The Washington State Department of Revenue has opened a window for more remote businesses to take advantage of its Voluntary Disclosure Program. We encourage you to share this news with your tax or finance teams to consider whether your company or any affiliated companies might benefit.
Out-of-state businesses frequently get caught unaware of Washington's business tax system, which employs a gross receipts tax (the business and occupation (B&O) tax) rather than corporate and personal income taxes, and since 2010 has imposed an economic nexus standard for tax jurisdiction instead of any kind of physical presence standard. Companies that recognize their noncompliance can get important partial relief for past periods through Voluntary Disclosure.
The most important benefits of the Voluntary Disclosure Program for unregistered companies are two. By agreeing to pay state taxes for a limited look-back period (four years plus the current year) and paying tax going forward, businesses get the following relief:
- The State waives the extended statute of limitations for unregistered taxpayers of seven years plus the current year; and
- The State waives penalties – which can amount to 39 percent (29 percent for late payment, 5 percent for an unregistered taxpayer, 5 percent for substantial underpayment). Interest is not forgiven, but the rate is low.
Probably not too many companies will qualify for the expanded criteria during this window, but those that do will get substantial benefits, which will not be available after November 30, 2020.
Two restrictive eligibility criteria are being relaxed:
- Normally a business that was formerly registered as a taxpayer in Washington is ineligible, no matter how long ago the account was closed.
- Normally a business is not eligible if it had a prior "enforcement contact" with the Department – i.e., some inquiry about whether the company should be reporting tax to Washington. And this includes not only a direct contact; the Department uses a notice formula that purports to make a direct contact with one affiliate a disqualifying contact for all other affiliates in a business group.
For example, in an audit notice to one specific company, the affiliate-notice boilerplate can look like this:
As to any affiliates, partners, subsidiaries, or other related entities doing business or providing services in Washington, this correspondence is considered to be an enforcement contact by the Department of Revenue. The term "affiliate" means a person that is "affiliated" with another person; and "affiliated" means under common control; and "control" means the possession, directly or indirectly, of more than 50 percent of the power to direct or cause the direction of the management and policies of a person, whether through the ownership of voting shares, by contract, or otherwise. Under these definitions, "affiliates" would include "subsidiaries." (RCW 82.04.29005; RCW 82.04.645).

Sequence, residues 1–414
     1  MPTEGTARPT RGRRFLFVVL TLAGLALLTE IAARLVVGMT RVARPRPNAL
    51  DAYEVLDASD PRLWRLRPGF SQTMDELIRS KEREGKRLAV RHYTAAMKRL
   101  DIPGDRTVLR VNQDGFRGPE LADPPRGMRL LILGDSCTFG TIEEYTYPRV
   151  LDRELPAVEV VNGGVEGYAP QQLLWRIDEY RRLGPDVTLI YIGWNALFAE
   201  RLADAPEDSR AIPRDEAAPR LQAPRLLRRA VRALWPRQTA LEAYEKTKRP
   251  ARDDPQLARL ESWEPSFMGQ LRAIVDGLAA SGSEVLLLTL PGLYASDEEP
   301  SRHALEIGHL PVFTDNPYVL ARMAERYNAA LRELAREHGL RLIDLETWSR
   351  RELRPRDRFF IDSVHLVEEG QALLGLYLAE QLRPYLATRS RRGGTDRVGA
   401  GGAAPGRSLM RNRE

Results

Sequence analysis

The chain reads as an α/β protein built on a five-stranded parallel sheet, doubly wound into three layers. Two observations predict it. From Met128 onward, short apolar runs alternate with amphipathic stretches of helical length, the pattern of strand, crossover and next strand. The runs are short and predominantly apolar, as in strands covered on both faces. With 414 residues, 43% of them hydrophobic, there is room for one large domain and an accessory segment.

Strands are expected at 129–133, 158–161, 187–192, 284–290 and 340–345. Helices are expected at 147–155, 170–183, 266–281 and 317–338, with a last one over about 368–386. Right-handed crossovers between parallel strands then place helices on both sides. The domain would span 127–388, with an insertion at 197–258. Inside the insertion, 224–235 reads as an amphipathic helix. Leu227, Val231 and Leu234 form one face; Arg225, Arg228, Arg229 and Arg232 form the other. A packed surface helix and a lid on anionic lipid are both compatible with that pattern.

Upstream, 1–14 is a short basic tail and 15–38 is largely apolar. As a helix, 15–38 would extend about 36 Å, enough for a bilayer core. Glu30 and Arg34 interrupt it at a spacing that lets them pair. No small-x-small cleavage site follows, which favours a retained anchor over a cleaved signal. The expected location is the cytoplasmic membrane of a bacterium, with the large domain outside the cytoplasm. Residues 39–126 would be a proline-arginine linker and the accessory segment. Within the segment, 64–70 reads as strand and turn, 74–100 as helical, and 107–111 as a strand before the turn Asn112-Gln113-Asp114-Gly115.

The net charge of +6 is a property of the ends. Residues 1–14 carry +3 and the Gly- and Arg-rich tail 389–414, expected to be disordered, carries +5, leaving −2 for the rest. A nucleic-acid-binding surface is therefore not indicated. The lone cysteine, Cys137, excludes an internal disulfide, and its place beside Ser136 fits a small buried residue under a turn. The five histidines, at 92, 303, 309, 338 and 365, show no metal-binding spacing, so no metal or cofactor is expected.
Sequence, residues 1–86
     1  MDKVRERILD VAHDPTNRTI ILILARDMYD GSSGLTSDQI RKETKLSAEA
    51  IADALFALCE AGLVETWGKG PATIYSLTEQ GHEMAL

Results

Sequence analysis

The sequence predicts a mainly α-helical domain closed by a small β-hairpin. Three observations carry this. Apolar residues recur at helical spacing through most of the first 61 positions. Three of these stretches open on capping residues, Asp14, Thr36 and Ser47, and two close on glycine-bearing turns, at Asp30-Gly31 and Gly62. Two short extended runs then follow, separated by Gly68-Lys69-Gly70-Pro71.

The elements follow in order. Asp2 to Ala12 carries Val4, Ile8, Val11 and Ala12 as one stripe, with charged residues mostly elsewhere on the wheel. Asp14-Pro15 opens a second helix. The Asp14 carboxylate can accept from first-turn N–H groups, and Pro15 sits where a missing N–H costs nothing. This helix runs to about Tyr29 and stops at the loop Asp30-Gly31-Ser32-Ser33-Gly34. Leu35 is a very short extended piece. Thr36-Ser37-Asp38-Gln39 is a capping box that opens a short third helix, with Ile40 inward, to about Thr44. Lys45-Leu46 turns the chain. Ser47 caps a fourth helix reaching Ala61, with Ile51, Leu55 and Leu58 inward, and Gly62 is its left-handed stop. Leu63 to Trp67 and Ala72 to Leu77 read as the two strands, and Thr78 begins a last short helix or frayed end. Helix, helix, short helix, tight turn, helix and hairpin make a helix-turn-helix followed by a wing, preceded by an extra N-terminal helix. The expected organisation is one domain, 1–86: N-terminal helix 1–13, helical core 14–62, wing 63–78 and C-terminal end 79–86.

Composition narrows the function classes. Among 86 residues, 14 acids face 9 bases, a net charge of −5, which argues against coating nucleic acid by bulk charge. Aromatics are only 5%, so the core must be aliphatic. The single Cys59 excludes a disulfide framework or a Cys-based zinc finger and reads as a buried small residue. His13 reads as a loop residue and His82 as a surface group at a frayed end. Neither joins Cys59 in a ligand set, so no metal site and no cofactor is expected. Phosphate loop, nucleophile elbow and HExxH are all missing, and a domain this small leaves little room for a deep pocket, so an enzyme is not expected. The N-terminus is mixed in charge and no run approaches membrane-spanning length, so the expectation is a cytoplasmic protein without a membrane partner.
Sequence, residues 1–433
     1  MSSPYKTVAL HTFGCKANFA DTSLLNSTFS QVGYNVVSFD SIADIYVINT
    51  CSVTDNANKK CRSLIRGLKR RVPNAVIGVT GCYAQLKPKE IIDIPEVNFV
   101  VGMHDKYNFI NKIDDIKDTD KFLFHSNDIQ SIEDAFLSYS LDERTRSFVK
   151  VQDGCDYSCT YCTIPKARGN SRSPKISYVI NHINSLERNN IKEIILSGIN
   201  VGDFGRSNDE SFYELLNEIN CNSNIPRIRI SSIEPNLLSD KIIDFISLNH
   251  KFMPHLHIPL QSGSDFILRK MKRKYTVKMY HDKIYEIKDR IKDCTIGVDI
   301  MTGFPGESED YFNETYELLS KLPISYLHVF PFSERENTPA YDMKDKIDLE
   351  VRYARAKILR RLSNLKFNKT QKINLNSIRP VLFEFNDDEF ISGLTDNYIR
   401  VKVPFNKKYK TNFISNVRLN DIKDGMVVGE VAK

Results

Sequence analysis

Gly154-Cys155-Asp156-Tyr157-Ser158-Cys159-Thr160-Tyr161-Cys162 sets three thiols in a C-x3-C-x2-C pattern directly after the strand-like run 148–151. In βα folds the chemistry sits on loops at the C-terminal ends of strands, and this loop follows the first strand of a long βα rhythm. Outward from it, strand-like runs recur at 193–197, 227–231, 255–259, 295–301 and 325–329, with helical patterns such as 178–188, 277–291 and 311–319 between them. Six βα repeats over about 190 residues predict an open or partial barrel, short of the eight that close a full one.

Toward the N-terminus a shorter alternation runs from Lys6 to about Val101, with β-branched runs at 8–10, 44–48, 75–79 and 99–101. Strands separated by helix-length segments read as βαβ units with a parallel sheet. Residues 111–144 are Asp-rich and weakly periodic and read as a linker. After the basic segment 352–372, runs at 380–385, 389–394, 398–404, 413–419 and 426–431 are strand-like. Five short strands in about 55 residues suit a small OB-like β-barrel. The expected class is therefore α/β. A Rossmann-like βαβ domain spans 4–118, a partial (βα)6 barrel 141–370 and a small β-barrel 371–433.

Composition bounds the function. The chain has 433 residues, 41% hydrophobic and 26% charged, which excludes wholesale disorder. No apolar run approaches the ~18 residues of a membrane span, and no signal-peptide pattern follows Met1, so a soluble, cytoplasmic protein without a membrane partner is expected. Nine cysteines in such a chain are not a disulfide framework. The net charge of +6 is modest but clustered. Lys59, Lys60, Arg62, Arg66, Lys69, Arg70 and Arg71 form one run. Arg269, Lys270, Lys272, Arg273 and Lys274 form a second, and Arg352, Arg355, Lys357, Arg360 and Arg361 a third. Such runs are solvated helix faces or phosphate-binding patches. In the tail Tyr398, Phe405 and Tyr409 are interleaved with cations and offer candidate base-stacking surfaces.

Now, beginning July 15, 2020, and continuing through November 30, 2020, a business may qualify even if it had a prior, now closed, taxpayer registration with Washington (if closed before January 1, 2020). And a business may qualify if it has not had an "enforcement contact" since July 1, 2019, and has "not been named as an affiliate of another business through an enforcement contact."
Also, businesses that continue to be registered but were placed on "Active-Nonreporting" status by the Department before January 1, 2020, can qualify for Voluntary Disclosure during this window.
One important restriction on the relaxation of the prior "enforcement contact" rule is businesses remain ineligible if they were contacted by the Department relating to the South Dakota v. Wayfare case or the Department's "Marketplace Fairness" or "Remote Seller Relief" programs.
The Department's news release concerning this temporary program is here.
This article was originally featured as a business and tax advisory on DWT.com on August 18, 2020. Our editors have chosen to feature this article here for its coinciding subject matter.